SHORT STORY CONTEST
EYES WIDE OPEN
by Colleen Quinn
“Lois, babe,” you said, “this is the easiest money you will ever make.”
“So I’m hired?”
There was something kind of charming in the way you threw my flimsy resumé over your shoulder and said, “Say good-bye to Squaresville. You got the look, kid.”
You were wiry and excitable, like a whippet I used to have. I wanted to believe you. I wanted to run away with the circus.
“What do I have to do?”
“Nothing. Isn’t it sweet? You’ll wear this—” You tossed a white sequined bathing suit at me. “—and stand there.”
You guided me over to the backdrop, not slowing down while I picked my way through the sawdust in my high heels. I looked at the target painted on the wooden board with your name spelled out in glitter: “Rapid-Fire Ray.” I reached out to touch all the little scrapes and gouges, painted over many times. They outlined the form of the girl who used to work for you. I think she was shorter than me.
“So you’re going to tie me to this thing?”
“No, no, no. That wouldn’t work at all. The audience needs to see that you’re here of your own free will. You have such trust in my awesome talent that you like having me throw knives at you. It’s no big deal. That’s why it’s so important to smile.”
I’m not really a performer. I used to be a bank teller—one of the rubes you probably make fun of. I answered your ad because it was literally the only one in the paper that day and I was hard up. It didn’t really say what the job was, but I’m an optimist. What’s the worst that can happen, right? I suspect you hired me for my hair, which is platinum and kind of dramatic. It looks like a wedding veil when I wear it down.
“I like it,” you said, and touched it, going deep for a handful at the back of my neck. “It’s real.”
I had never had a boss who touched me and I guess I passed your first test of self control because I did not freak out. I didn’t step away or scream. I didn’t smile either; it was hard for me then to smile at fear.
“Can you wear it up?”
“Sure, why not?”
“Great. We should get you some big hoop earrings. I’ll bet I could put a knife through one of those.”
“You don’t know if you can?”
“Lois, sweetie, I’m an artist, an innovator. I push myself. What’s the point of doing something you’re absolutely sure you can do?”
I guess this was where I could have backed out. There must be some other way to make money. I just wouldn’t get it today, so I didn’t say anything and you took that as a yes.
“All right, let’s get changed and we’ll rehearse a little.”
“Yeah, babe.” You had already turned away and brought out your knives, a big black, shiny case just full of them.
“This might be a little easier for me if I could see you throw around somebody else first. You know, just so I know what I’m in for.”
You smiled and gave me a look of pity. “There isn’t anybody else. That’s why I had to hire you. If you can’t do this, I can’t go on tonight.”
“But hey, if it’ll make you feel better, watch this.”
You swooped up a handful of little stilettos, holding them by the points. You threw them so fast, one right after the other, they whipped through the air and landed in an exact pattern where a girl’s head should be. I looked closer and saw that the arc of knives was higher than the old marks. You must have been thinking of me.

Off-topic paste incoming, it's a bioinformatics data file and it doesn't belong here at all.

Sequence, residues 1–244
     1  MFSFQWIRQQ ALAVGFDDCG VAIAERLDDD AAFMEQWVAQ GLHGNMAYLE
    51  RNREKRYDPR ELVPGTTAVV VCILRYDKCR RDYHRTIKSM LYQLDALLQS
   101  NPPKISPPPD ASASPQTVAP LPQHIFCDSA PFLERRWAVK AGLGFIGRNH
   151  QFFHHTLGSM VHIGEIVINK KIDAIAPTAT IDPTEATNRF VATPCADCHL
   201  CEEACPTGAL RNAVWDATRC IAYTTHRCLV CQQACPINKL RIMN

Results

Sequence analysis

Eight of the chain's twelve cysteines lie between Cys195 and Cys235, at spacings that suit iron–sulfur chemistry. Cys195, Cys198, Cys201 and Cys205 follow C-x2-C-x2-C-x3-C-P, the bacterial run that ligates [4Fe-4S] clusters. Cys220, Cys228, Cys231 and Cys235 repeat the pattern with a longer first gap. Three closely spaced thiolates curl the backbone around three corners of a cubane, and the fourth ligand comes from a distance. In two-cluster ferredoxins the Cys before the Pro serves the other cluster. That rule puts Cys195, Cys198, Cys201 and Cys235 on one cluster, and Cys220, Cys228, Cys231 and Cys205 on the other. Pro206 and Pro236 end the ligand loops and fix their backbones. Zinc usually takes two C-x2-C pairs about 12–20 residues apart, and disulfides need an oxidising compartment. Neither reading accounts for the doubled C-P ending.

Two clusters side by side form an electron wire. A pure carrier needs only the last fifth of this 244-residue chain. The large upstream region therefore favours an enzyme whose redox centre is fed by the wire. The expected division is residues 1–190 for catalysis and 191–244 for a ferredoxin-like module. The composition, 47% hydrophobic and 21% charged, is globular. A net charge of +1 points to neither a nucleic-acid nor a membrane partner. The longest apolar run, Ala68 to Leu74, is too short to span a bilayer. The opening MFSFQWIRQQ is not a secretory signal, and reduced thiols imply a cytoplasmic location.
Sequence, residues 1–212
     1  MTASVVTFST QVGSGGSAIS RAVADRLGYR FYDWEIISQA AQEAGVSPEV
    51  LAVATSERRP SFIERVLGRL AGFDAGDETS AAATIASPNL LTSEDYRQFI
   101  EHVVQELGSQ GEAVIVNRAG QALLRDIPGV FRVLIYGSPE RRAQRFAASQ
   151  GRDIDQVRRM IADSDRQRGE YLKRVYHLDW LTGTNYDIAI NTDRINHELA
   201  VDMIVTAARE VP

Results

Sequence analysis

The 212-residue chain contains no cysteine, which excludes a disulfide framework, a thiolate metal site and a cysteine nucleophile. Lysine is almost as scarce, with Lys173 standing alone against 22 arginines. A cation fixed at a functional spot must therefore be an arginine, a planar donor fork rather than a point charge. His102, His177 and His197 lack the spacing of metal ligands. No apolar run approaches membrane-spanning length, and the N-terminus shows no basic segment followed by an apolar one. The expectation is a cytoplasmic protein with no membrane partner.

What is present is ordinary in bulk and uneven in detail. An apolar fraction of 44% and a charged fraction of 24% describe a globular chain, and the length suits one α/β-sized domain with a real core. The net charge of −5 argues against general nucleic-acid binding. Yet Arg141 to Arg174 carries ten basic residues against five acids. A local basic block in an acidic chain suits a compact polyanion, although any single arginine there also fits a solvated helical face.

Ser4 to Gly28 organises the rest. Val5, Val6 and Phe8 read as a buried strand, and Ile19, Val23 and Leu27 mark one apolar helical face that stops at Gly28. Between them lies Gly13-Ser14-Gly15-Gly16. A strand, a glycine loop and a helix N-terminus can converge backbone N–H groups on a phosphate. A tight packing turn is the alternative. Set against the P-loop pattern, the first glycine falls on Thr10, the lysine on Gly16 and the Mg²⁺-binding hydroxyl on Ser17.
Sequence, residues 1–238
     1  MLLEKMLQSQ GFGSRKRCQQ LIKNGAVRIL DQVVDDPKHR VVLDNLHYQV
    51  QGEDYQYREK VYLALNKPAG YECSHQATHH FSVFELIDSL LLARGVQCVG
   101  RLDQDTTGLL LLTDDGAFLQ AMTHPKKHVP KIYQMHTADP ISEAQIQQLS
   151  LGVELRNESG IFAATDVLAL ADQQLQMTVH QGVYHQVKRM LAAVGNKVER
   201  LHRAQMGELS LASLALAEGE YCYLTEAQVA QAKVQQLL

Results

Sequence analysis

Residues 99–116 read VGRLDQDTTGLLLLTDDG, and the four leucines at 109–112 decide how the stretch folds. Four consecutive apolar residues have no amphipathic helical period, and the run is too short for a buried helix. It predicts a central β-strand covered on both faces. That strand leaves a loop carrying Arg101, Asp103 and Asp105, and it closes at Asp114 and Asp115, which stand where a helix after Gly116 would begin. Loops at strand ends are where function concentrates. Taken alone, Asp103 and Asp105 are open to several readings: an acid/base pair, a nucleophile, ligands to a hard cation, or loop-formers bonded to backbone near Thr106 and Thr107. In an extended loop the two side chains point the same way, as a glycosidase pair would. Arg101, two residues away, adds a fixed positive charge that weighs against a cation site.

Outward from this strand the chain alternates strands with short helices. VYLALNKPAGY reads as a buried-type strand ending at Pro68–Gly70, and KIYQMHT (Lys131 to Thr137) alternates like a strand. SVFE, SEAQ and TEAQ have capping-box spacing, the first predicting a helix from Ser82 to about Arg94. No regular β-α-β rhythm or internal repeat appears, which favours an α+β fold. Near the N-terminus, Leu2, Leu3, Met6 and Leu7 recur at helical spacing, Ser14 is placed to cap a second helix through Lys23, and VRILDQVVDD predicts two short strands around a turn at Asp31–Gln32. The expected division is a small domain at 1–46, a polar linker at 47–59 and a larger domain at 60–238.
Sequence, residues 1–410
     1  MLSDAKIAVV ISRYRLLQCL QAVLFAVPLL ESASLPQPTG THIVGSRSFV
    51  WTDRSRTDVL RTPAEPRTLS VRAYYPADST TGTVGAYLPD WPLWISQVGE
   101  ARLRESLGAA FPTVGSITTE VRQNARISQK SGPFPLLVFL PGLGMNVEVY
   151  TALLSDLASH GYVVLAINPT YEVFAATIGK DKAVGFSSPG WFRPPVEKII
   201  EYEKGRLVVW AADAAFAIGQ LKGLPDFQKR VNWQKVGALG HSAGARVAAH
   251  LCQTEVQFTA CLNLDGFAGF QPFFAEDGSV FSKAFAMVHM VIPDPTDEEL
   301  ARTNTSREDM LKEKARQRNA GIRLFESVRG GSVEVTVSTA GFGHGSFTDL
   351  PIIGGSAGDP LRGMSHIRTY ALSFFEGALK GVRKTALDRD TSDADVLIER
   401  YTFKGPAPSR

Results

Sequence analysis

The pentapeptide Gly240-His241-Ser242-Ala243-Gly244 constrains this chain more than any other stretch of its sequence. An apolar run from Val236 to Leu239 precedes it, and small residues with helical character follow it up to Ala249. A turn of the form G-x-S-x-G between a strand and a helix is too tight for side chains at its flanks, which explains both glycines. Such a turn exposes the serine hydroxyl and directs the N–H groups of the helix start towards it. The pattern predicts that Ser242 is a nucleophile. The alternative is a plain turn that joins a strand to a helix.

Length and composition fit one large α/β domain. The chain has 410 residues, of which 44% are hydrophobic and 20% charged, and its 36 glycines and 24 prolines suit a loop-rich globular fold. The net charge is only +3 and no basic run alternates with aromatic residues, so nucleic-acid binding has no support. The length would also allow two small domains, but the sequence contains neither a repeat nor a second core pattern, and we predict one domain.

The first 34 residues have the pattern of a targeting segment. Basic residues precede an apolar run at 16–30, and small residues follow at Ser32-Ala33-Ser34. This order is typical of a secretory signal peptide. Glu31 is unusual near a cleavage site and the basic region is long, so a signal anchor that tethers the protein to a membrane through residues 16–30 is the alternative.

The costume was a perfect fit, which I took as a sign. I stepped in front of the target and stood straight and compressed, trying to make myself as small as possible.
“One thing I need to teach you Lois, is a sense of showmanship. Spread your arms and legs like you’re trying to grip the edges. Surrender yourself to the moment.”
You had changed too. It’s not every man who could put on a gypsy costume and own it, but somehow you did. Your pencil moustache didn’t seem silly anymore.
“Stay absolutely still, babe. Believe me, it’s important.”
“Say, Ray, what happened to your last assistant?”
By you? I wondered.
“Can’t do a pregnant girl. People go into conniptions over babies and animals. If I tied a chimp to that board, people would string me up, but pretty ladies are always good fun. Like your life is worth less than a chimp’s. I don’t know. Here it comes.”
It was over so fast. I heard the quick chunks as the knives went into the board. One by my head, one by my right hand, one by my inner thigh, so close I could feel it quivering against my skin. When it was over, I stepped away from the board and ran for the barrel by the gaudy tent flap. My legs were shaking and I stumbled like a newborn calf. Oh, God.
“Not bad, not bad,” you commented. “I don’t mind puking the first time, but if you faint, ever, I can’t use you.”
I nodded, pleased that I hadn’t disqualified myself. You handed me a bottle of water. “Let’s do it again.”
I just stared at you.
“It’ll be easier this time. You’ll see.”
What was it about you? I stepped up to the target and stretched out.
“Two things, babe. You need to keep your eyes open and you need to smile. This is supposed to be fun.”
All I could think was that I hadn’t told anybody I had a job interview. Nobody knew where I was.
“That’s not a smile. That’s a grimace, and it’s worse than no smile at all.”
You did the only thing you could do. You smiled at me first, a warm conspiratorial smile that I had to return. I’m glad I kept my eyes open. I got to see the arch of your eyebrow as you closed one eye and aimed. I followed the blur of the flying knives. Most people never get to see such things, but I did.
“Much improved, kid. How do you feel?”
People are starting to gather by the tent flap, snooping to check out the new girl. I feel special and brave—something that has never, ever happened to me before. Spin the wheel, set me on fire. You’ve given me something, Ray, and I think I might have a taste for it.
Colleen Quinn has been published in The Brooklyn Rail and Spinetingler Magazine. She lives in Brooklyn, New York.